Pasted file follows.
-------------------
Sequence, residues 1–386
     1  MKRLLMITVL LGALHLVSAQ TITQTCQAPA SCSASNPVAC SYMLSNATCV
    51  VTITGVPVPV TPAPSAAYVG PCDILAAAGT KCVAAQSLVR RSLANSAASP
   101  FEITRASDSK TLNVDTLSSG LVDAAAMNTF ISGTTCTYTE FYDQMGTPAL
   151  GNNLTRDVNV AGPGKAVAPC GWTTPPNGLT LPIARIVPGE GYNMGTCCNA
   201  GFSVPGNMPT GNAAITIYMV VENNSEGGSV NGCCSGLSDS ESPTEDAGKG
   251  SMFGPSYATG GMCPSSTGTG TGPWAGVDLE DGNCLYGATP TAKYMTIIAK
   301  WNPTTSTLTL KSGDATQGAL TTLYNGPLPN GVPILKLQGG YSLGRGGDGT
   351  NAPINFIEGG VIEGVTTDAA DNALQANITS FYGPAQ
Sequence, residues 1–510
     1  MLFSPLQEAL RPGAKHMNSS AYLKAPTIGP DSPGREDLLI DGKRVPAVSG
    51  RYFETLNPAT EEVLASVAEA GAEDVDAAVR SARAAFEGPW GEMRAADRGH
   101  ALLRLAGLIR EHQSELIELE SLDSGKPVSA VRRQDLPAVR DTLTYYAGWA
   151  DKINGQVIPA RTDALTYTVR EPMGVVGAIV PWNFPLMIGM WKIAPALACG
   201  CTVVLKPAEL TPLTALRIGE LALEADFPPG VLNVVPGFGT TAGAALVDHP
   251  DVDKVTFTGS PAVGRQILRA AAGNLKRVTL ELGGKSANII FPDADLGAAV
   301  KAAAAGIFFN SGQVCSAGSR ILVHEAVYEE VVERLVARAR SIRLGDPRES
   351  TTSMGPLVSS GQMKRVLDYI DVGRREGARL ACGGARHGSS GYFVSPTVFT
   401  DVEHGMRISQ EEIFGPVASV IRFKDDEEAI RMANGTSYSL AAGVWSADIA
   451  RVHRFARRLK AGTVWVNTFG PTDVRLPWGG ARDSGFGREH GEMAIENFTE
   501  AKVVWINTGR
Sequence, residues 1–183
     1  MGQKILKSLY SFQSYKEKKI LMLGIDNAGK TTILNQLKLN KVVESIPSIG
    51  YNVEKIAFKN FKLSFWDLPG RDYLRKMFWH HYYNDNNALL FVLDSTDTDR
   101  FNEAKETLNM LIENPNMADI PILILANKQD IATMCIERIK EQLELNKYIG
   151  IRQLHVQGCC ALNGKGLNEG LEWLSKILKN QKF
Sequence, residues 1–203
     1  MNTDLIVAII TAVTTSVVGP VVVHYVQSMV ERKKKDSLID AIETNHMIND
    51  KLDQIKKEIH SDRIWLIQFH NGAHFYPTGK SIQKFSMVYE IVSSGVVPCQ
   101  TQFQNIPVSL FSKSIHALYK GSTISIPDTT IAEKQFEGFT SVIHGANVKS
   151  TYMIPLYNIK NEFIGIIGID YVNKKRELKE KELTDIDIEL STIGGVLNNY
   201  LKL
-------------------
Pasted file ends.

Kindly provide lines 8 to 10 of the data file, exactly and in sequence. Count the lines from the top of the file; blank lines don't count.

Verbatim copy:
   301  WNPTTSTLTL KSGDATQGAL TTLYNGPLPN GVPILKLQGG YSLGRGGDGT
   351  NAPINFIEGG VIEGVTTDAA DNALQANITS FYGPAQ
Sequence, residues 1–510